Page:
Thank you, algebra, for allowing me to calculate how much sugar water I needed to make a limoncello of 40% alcohol. In my short life I have used algebra a few times, probably once for every year I spent learning it in the classroom.
Better than the subject is the word: “algebra.” It comes to English from Arabic, as does “alcohol,” for the Arabs were some of the world’s first number munchers and distillers of high-proof spirits. Limoncello, the liqueur, comes to my kitchen from Italy.
For 40 or so days the rinds of these lemons have steeped in grain alcohol:
Here’s what the mixture looked like at first:
And after 40 days and an addition:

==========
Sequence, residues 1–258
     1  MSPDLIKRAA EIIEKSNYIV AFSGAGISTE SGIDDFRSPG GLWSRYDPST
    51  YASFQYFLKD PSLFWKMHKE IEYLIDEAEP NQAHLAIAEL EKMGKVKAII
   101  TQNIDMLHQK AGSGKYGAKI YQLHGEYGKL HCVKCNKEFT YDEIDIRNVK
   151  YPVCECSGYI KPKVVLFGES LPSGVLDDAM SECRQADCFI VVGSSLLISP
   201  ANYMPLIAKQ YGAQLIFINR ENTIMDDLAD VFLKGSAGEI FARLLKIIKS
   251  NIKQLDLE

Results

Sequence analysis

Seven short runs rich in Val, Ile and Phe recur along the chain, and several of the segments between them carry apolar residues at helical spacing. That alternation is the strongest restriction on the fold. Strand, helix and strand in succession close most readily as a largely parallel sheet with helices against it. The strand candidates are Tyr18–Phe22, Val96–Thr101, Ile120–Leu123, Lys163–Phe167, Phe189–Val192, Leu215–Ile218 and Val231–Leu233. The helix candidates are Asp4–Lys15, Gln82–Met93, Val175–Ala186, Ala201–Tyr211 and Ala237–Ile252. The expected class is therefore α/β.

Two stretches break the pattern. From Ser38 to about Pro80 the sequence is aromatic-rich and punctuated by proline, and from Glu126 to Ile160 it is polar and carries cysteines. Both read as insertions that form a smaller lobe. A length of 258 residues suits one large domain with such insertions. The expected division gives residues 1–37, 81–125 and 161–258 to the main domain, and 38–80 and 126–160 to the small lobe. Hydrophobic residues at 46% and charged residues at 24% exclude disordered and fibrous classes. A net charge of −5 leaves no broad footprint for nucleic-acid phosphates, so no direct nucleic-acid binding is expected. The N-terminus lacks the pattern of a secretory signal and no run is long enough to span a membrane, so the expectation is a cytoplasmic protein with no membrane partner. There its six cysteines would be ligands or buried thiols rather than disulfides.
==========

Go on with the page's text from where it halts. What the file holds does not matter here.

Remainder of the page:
I added three cups of sugar water (1 part sugar, 2 parts water) to the 750ml of 151 proof grain alcohol. The result, after another 40 day rest, will be a lemony liqueur of about 39% or 40% alcohol. Another result: people drinking the limoncello, me among them, we having just got back from the beach, now sitting on the patio, the sun touching a roof across the street, the distillate of summer cold and like syrup in my glass.